Research Program Feature
“CARES has been providing services to people with ASD and their families for over 10 years, specializing in the identification, development, and dissemination of evidence-based treatments and educational programs.”
Texas has over 7 million children under the age of 18 diagnosed with autism spectrum disorder (ASD), accounting for more than 10% of all children with ASD in the U.S. The number of children with ASD in Texas public schools has been growing rapidly, which has occasioned notable instructional and financial challenges to the education system. Although effective evidence-based interventions and educational approaches have been developed, there is often a gap between what is achieved in research and what can be done in applied practice. For example, most public-school teachers have minimal, if any, formal training in special education for students with ASD. Considering this situation, the Texas Legislature created the Autism Grant Program (AGP) to help address the needs of school-age children with ASD and their families.
The desire to improve educational outcomes for students with ASD in Texas is exactly what inspired the creation of Texas State University’s Clinic for Autism Research, Evaluation and Support (CARES). CARES has been providing services to people with ASD and their families for over 10 years, specializing in the identification, development, and dissemination of evidence-based treatments and educational programs. Specifically, CARES has a three-part mission: (1) provide evidenced-based services to people with ASD and other neurodevelopmental disabilities; (2) train future professionals to provide evidence-based assessment, intervention, and educational services; and (3) conduct meaningful translational research in applied community settings that contributes to the quality of life for individuals with these exceptionalities and their families. CARES’s services positively impact more than 100 people with neurodevelopmental disabilities every year, as well as their teachers and families.
When the Autism Grant Program was made available through the Texas Higher Education Coordinating Board (THECB), CARES was among the first university-based ASD clinics to apply for funding. Since 2016, CARES has been awarded autism grant funding from THECB three times, totaling over $700,000. When the current grant is completed, CARES will have trained over 200 teachers and more than 40 parents to increase access to evidence-based educational practices for more than 1,500 students with ASD in Texas public schools.
The current two-year autism grant project (2019 to 2021) provides training to 114 in-service public-school teachers and paraprofessionals in the San Marcos, Round Rock, and Pflugerville school districts. Collectively, these 114 trainees serve 1,025 students with ASD. Dr. Russell Lang, CARES Director, notes: “We emphasize the importance of evidence-based practice in the context of each teacher’s individual needs and treatment goals. By aligning our training with real-life classroom needs, we are more likely to produce sustained improvements in a school’s capacity to serve students with autism. The combination of evidence-based practice, individualized support, and student-focused outcomes is powerful.” For more on the dangers associated with non-evidence-based practices, check out Dr. Lang’s TEDx Talk.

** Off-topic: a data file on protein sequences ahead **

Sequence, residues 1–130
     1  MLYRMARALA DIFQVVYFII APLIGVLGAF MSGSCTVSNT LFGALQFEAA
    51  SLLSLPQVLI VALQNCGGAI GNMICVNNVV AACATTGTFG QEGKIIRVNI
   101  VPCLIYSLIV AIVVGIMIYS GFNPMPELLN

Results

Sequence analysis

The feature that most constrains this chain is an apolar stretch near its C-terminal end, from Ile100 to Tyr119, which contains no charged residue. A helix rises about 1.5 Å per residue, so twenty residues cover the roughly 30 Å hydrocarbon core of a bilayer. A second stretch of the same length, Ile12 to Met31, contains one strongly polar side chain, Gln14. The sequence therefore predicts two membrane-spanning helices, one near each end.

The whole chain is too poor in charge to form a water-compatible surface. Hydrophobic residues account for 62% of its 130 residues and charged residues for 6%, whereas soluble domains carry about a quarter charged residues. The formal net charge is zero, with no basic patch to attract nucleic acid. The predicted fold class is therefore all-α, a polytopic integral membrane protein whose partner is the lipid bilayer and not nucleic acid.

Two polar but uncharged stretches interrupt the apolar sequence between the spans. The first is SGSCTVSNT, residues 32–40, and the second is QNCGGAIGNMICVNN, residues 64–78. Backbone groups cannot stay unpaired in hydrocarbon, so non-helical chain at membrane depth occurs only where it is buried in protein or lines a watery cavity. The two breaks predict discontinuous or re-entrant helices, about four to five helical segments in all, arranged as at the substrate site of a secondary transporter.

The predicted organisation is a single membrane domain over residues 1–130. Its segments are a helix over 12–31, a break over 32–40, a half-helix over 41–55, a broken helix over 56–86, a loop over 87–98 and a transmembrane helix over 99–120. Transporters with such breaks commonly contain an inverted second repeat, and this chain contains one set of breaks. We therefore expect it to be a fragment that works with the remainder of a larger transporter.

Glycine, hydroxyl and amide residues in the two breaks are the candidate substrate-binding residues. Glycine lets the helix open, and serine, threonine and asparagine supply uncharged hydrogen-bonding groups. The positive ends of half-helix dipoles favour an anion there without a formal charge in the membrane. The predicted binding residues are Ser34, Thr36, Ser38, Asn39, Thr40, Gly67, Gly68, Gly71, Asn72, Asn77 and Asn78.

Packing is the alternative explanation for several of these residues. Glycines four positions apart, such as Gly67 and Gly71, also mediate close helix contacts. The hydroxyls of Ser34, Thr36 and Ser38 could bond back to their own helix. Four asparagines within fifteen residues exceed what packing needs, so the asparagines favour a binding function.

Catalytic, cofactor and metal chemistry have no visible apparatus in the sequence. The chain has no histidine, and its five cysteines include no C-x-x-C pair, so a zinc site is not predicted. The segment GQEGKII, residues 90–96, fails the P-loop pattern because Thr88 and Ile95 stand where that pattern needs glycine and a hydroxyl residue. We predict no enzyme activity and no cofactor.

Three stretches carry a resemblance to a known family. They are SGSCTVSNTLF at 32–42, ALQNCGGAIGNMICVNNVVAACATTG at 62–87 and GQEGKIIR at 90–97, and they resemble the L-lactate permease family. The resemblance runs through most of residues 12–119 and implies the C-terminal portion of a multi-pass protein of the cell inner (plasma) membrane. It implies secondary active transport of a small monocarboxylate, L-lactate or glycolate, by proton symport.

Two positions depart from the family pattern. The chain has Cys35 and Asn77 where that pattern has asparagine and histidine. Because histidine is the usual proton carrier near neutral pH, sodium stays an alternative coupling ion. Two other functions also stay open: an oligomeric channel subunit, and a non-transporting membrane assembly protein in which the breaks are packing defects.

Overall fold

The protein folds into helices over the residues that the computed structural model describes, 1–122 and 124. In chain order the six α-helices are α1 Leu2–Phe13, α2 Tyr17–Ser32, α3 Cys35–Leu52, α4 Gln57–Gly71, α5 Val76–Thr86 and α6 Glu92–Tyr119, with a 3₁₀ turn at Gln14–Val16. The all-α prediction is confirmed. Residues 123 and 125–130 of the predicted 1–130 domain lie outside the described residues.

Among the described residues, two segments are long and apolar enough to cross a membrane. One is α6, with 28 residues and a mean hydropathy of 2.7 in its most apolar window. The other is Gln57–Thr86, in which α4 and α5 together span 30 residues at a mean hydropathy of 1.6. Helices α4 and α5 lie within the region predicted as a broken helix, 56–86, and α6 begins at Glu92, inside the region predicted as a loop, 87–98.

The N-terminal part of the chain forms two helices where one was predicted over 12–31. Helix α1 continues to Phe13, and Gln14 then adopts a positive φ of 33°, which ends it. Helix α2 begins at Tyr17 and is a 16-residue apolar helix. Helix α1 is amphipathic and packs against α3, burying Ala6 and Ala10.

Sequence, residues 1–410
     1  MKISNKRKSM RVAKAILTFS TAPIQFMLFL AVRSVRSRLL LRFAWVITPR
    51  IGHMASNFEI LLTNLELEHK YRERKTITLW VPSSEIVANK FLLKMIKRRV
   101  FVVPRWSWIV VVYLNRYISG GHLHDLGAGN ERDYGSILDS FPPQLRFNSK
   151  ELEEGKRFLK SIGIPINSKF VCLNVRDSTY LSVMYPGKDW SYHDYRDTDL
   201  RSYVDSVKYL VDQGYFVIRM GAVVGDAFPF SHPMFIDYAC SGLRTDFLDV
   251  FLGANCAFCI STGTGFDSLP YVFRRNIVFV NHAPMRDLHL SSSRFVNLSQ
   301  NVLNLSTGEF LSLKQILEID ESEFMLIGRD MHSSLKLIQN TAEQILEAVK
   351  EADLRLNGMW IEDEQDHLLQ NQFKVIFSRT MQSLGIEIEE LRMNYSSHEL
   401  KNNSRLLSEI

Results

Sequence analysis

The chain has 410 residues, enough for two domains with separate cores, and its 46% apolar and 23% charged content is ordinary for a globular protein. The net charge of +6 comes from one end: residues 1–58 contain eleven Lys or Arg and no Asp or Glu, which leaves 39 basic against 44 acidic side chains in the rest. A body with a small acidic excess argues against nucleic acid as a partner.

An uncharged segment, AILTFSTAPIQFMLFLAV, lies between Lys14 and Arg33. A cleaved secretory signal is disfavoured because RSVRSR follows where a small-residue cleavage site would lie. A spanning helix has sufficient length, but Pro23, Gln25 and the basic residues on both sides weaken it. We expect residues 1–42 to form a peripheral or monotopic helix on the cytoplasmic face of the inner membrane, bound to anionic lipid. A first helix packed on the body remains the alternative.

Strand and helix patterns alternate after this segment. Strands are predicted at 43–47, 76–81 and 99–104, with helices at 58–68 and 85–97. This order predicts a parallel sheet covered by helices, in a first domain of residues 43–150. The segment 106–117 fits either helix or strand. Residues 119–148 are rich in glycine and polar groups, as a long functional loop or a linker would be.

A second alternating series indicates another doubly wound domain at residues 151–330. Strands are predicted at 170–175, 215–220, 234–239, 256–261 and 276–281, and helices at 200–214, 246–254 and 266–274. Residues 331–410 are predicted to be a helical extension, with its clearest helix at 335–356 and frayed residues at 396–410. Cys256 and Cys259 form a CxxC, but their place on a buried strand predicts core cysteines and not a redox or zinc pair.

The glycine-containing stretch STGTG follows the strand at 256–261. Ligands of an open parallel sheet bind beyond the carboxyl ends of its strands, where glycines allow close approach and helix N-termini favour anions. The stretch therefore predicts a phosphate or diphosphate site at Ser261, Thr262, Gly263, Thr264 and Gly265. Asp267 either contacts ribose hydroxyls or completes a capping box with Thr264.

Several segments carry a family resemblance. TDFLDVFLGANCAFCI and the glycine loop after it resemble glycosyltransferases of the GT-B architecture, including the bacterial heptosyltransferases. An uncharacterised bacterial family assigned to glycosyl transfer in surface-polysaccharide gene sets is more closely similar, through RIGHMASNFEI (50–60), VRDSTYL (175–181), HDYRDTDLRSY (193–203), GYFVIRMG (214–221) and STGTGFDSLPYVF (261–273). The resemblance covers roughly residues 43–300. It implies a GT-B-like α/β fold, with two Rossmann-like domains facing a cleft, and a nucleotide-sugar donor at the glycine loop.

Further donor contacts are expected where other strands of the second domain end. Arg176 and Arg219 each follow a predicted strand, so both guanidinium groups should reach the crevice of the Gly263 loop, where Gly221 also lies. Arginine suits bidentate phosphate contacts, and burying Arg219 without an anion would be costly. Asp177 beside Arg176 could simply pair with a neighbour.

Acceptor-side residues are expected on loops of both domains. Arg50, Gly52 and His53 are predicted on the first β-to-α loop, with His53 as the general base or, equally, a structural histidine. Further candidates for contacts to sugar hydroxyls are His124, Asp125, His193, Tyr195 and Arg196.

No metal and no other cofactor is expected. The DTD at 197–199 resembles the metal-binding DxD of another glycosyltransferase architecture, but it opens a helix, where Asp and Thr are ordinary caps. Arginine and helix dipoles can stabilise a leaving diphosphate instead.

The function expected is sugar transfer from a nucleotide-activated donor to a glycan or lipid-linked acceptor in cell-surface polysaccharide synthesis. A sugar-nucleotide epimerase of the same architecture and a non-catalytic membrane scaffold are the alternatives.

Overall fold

Katy Davenport, clinical services manager, and our staff of licensed behavior analysts, Allyson Lee and Caitlin Murphy, have been with CARES for many years and are responsible for the clinic’s reputation as a provider of high-quality, rigorously implemented services. The relationships this team has developed with surrounding school systems, service agencies, and families of people with ASD have been instrumental in the clinic’s development and have empowered CARES to extend its service area and increase the impact of our services.
The state’s Autism Grant Program is only one of several examples of how CARES has shaped the landscape of ASD services in Texas. CARES has also used grant support to develop online trainings for Texas law enforcement officers who encounter individuals with ASD while on duty and for the Texas Education Agency’s Autism Service Center. In 2021, the CARES team will finalize a training program for Texas Department of Family Protective Services personnel who interact with people with ASD and their families.
Helping bridge the research-to-practice gap with these training programs is one aspect of CARES. But conducting and disseminating original intervention research is also a key part of our mission. Dr. Katy Ledbetter-Cho and Dr. Reem Muharib, Assistant Professors of Special Education, direct research projects in CARES that are embedded into the service and training grants. These research projects help to further refine existing evidence-based practices through replication and extension studies and via evaluations of novel intervention packages and approaches.
As the number of children diagnosed with ASD in Texas continues to increase, the demand for service providers and special educators with expertise in supporting children with ASD also increases. In an effort to contribute to the next generation of service providers, CARES offers a practicum course that empowers graduate students in special education to practice the assessment and intervention procedures covered in their other classes. CARES practicum students work right alongside CARES clinic staff and researchers to provide direct services and co-author research. In this way, CARES is able to blend teaching, research, and service to provide efficient, effective, and sustainable solutions for Texas children with ASD, their families, and their educators.